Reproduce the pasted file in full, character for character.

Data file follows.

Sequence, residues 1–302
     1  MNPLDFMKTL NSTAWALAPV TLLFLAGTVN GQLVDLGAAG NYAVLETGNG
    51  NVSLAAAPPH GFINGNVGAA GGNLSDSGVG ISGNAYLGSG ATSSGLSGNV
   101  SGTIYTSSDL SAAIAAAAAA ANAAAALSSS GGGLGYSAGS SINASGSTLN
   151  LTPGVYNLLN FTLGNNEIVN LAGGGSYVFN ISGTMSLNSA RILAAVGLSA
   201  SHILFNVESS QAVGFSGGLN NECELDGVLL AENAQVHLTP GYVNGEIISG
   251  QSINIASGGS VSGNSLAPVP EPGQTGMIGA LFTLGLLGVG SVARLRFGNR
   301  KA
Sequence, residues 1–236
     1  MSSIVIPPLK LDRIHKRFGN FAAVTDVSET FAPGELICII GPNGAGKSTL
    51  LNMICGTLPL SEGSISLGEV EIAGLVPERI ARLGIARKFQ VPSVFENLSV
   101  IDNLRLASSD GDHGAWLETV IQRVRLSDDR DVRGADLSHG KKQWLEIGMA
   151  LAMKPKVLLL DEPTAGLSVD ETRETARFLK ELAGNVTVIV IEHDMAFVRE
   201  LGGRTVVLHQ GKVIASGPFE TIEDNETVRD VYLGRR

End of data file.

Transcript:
Sequence, residues 1–302
     1  MNPLDFMKTL NSTAWALAPV TLLFLAGTVN GQLVDLGAAG NYAVLETGNG
    51  NVSLAAAPPH GFINGNVGAA GGNLSDSGVG ISGNAYLGSG ATSSGLSGNV
   101  SGTIYTSSDL SAAIAAAAAA ANAAAALSSS GGGLGYSAGS SINASGSTLN
   151  LTPGVYNLLN FTLGNNEIVN LAGGGSYVFN ISGTMSLNSA RILAAVGLSA
   201  SHILFNVESS QAVGFSGGLN NECELDGVLL AENAQVHLTP GYVNGEIISG
   251  QSINIASGGS VSGNSLAPVP EPGQTGMIGA LFTLGLLGVG SVARLRFGNR
   301  KA
Sequence, residues 1–236
     1  MSSIVIPPLK LDRIHKRFGN FAAVTDVSET FAPGELICII GPNGAGKSTL
    51  LNMICGTLPL SEGSISLGEV EIAGLVPERI ARLGIARKFQ VPSVFENLSV
   101  IDNLRLASSD GDHGAWLETV IQRVRLSDDR DVRGADLSHG KKQWLEIGMA
   151  LAMKPKVLLL DEPTAGLSVD ETRETARFLK ELAGNVTVIV IEHDMAFVRE
   201  LGGRTVVLHQ GKVIASGPFE TIEDNETVRD VYLGRR